Calgary tenants told units contaminated with asbestos
Six units at Hunter Estates shuttered, but tenants must keep paying rent, utilities
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A Calgary mother says she’s been forced out of her townhouse due to asbestos contamination, and she knows of five others in the same situation.
The woman, whose identity we’ve agreed to protect, was renting a townhouse at Hunter Estates Housing Co-op.
She moved into a newly renovated townhouse one year ago, but on Jan. 6 of this year she was told someone would be around to check air quality. A second check was conducted a few days later.
“On Monday morning I received a phone call from the office at the complex. She told us the test came positive for asbestos,” she said.
Asbestos is a fireproof building material that has been shown to cause a specific type of lung cancer if loose disturbed particles are inhaled. Canada has plans to ban the material by 2018.
Metro contacted Hunter Estates, but was directed to the organization’s lawyer. He failed to return calls by deadline.
The woman and residents at five other units met with board members as well as lawyers for the co-op board on Tuesday night.
“They had two legal gentleman there,” she said. “They said we needed to vacate by today (Wednesday) and to take nothing with us except the clothes on our backs.”
She and her two sons spent another night in the townhouse before moving in with family. Neighbours have helped provide them with clothing and they got rid of what they had been wearing for fear of contamination.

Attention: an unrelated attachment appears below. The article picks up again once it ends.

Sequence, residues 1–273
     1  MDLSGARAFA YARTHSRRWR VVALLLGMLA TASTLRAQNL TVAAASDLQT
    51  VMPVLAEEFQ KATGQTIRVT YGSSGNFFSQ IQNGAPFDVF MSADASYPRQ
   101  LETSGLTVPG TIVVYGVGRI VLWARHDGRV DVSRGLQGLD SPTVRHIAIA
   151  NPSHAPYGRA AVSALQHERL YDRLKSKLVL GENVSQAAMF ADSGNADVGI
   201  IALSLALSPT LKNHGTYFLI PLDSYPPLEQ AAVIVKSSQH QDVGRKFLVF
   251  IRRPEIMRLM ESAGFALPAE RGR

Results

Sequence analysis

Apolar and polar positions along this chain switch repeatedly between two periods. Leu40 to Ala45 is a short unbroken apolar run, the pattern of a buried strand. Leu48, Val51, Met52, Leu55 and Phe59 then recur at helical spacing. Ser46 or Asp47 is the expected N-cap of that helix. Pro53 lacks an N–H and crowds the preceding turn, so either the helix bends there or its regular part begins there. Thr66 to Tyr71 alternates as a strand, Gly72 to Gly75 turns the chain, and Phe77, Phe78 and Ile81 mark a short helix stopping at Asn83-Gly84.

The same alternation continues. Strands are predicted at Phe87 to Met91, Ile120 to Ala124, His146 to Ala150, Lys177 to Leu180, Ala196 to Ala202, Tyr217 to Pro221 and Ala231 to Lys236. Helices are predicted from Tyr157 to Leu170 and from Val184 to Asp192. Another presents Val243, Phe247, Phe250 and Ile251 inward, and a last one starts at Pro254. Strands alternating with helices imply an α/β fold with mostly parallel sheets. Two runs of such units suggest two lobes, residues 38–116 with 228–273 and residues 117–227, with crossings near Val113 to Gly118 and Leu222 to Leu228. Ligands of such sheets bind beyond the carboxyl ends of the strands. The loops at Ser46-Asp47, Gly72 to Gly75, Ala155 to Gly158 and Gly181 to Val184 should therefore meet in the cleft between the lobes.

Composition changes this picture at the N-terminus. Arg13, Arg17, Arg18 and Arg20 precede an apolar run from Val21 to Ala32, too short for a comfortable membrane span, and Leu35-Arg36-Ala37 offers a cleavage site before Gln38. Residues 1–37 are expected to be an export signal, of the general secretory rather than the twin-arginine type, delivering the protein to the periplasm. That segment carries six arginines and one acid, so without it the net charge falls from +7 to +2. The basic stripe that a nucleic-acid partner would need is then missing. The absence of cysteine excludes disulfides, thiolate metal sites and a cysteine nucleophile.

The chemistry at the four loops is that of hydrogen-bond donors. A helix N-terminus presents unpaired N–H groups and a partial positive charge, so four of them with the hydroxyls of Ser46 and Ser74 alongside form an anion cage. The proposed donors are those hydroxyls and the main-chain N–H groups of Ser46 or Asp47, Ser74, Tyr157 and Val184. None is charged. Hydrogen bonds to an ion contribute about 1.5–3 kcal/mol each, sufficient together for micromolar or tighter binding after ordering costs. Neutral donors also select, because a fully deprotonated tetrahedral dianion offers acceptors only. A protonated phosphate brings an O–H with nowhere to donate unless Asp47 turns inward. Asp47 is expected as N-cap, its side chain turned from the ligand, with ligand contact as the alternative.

The woman said the landlord is not offering up any compensation while they are out of the building, but she has also been told she must keep paying rent and utilities.
A letter from Hunter Estates to the affected tenants said the company would provide alternate living arrangements, but so far none have been put forward, according to the woman.
The letter says remediation work should be complete by March 31, 2017.
Shaun Fluker, executive director of the Public Interest Law Clinic and law professor at the University of Calgary, said what happens in these situations depends on the lease that was signed, but he noted in general the Residential Tenancies Act is heavily weighted to the landlord
“We think the act could a do a better job of at least levelling the playing field,” he said.
The tenant who spoke with Metro said she and her two children went to a family doctor who ordered X-rays on their lungs that day.
“The doctor said we’ll have to keep getting checked over the years,” she said.